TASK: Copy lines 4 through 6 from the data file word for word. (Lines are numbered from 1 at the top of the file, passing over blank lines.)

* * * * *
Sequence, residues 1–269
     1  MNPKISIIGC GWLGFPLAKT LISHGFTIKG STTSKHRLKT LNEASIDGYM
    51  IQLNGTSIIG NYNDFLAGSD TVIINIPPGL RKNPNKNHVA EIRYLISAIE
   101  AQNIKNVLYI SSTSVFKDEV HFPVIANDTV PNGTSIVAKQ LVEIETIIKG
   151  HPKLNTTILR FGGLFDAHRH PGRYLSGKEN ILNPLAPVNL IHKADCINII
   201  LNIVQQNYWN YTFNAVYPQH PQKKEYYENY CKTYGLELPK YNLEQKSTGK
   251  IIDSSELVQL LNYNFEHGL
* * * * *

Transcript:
   101  AQNIKNVLYI SSTSVFKDEV HFPVIANDTV PNGTSIVAKQ LVEIETIIKG
   151  HPKLNTTILR FGGLFDAHRH PGRYLSGKEN ILNPLAPVNL IHKADCINII
   201  LNIVQQNYWN YTFNAVYPQH PQKKEYYENY CKTYGLELPK YNLEQKSTGK